(alternative writ of mandamus) – A writ, issued by the court in the beginning of a mandamus proceeding under older practice, which corresponds to a common-law declaration or to a complaint or petition in an ordinary action and usually deemed to be the first pleading in the case.

In it all the material facts on which the relator relies must be distinctly set forth, so that they may be admitted or traversed, and by the writ of defendant is called on to perform the particular act sought to be enforced, or, by a return, to deny the faccts alleged therein, or to state other matters sufficient to defeat the relator’s application. 35 Am J1st Mand § 348.

The more modern practice makes use of an order to show cause, permitting this to be in the alternative of performing the act sought to be commanded or showing cause why it should not be commanded. 35 Am J1st Mand § 347. [2]

alternative writ – A writ, issued by a court, that gives the party against whom it is directed the choice between performing a certain act or demonstrating why he should not have to perform it.  This writ has been replaced in modern practice by the order to show cause. [3]

peremptory mandamus (17c) An absolute and unqualified command to the defendant to do the act in question.  *  It is issued when the defendant defaults on, or fails to show sufficient cause in answer to, an alternative mandamus. [1]

1. Same as peremptory writ of mandamus.

peremptory writ of mandamus – A writ of mandamus requiring the party to do the thing absolutely, as distinguished from an alternative writ which requires him to do the thing, or show cause why he should not in his answer. 35 Am J1st Mand § 380. [2]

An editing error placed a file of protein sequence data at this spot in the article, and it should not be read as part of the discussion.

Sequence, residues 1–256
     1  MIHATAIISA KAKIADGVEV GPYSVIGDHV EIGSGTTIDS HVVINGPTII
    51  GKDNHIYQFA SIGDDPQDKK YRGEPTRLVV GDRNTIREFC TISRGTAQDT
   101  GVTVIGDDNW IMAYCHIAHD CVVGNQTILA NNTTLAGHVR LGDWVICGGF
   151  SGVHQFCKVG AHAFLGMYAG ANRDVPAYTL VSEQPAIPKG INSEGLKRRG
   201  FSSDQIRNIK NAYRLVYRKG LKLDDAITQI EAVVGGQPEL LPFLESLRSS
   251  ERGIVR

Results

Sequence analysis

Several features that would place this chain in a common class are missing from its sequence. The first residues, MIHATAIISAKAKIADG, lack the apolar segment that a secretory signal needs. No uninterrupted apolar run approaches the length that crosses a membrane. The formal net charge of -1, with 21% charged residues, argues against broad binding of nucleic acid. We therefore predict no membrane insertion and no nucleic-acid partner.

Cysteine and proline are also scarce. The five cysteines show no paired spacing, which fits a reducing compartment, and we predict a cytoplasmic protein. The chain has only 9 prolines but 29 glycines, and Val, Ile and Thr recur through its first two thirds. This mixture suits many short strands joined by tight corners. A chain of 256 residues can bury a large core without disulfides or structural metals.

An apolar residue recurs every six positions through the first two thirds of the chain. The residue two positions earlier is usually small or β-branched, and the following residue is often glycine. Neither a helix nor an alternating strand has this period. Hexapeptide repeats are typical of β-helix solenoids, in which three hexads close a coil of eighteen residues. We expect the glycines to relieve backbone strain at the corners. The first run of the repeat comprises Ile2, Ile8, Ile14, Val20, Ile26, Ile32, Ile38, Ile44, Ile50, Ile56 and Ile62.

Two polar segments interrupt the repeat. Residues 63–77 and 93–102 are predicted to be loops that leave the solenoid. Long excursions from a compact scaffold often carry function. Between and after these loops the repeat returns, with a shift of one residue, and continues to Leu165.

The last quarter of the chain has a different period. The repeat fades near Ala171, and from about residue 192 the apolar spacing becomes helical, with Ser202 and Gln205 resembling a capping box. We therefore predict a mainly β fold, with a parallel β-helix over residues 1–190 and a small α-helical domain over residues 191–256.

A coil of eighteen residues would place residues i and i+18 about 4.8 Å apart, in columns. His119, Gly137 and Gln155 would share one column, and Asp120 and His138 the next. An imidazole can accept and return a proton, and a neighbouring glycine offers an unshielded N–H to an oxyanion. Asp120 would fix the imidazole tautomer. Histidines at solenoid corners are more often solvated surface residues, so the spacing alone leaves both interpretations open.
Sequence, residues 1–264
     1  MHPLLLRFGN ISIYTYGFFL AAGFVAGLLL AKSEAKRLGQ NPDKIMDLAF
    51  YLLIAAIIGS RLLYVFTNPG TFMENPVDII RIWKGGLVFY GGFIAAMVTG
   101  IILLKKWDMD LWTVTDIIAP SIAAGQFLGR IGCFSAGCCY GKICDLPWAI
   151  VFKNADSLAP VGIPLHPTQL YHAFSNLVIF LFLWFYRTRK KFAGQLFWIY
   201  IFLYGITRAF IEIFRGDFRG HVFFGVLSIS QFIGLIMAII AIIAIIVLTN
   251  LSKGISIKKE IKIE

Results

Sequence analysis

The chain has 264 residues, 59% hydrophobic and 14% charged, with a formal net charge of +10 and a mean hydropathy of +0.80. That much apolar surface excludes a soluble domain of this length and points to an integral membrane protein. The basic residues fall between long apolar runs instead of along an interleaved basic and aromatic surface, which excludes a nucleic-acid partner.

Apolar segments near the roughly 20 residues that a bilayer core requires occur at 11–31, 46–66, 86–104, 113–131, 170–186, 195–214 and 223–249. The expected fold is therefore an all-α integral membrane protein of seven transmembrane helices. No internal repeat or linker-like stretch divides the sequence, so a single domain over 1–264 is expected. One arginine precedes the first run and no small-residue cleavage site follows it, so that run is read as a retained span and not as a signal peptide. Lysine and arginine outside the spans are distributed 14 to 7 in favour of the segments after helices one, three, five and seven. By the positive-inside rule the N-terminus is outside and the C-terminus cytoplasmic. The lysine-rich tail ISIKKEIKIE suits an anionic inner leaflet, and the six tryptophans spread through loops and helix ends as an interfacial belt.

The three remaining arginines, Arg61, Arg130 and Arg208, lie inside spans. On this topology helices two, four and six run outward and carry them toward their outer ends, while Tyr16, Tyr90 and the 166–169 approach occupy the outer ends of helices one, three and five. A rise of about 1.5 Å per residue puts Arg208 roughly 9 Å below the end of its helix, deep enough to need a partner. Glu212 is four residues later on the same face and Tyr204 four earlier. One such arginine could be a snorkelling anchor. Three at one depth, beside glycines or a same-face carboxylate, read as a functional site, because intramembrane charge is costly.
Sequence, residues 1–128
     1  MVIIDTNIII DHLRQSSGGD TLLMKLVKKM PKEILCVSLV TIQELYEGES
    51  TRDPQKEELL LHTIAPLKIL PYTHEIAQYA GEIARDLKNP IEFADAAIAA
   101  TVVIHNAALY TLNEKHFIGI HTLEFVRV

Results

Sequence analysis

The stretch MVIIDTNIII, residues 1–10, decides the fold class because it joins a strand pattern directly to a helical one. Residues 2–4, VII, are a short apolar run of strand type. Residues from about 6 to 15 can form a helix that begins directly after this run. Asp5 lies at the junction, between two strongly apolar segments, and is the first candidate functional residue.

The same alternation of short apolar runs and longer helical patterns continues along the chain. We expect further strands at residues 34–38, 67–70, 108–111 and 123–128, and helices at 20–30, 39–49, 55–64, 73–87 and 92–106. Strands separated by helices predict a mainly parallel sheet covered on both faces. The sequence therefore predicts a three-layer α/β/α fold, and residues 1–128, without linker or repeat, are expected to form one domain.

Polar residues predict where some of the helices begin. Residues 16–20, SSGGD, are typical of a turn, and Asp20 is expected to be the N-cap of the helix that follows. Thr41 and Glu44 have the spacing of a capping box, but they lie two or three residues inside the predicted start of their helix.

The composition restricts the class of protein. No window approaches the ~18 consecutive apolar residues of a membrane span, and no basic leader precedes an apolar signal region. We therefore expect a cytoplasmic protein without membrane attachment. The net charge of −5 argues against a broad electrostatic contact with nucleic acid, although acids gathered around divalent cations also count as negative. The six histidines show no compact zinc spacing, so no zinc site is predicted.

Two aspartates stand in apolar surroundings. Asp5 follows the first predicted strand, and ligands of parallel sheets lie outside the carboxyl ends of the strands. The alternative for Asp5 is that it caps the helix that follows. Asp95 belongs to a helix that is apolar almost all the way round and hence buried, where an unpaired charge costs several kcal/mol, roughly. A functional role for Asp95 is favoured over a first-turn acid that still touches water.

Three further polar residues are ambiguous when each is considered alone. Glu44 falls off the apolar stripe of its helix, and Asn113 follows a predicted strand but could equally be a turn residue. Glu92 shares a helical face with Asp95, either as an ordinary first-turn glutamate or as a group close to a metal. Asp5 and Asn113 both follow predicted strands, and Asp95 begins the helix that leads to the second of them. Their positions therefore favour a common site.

peremptory – 1. Allowing no opportunity for challenge or contradiction; absolute.  2. Imperious; autocratic. [3]


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[1]: Black’s Law Dictionary Deluxe Tenth Edition by Henry Campbell Black, Editor in Chief Bryan A. Garner. ISBN: 978-0-314-61300-4

[2]: Ballantine’s Law Dictionary with Pronunciations Third Edition by James A. Ballantine (James Arthur 1871-1949).  Edited by William S. Anderson.  © 1969 by THE LAWYER’S CO-OPERATIVE PUBLISHING COMPANY.  Library of Congress Catalog Card No. 68-30931

[3]:  Ballantine’s Law Dictionary Legal Assistant Edition
by Jack Ballantine 
(James Arthur 1871-1949).  Doctored by Jack G. Handler, J.D. © 1994 Delmar by Thomson Learning.  ISBN 0-8273-4874-6.

[4]: James L. High, A Treatise on Extraordinary Legal Remedies § 2, at 5-6 (1884).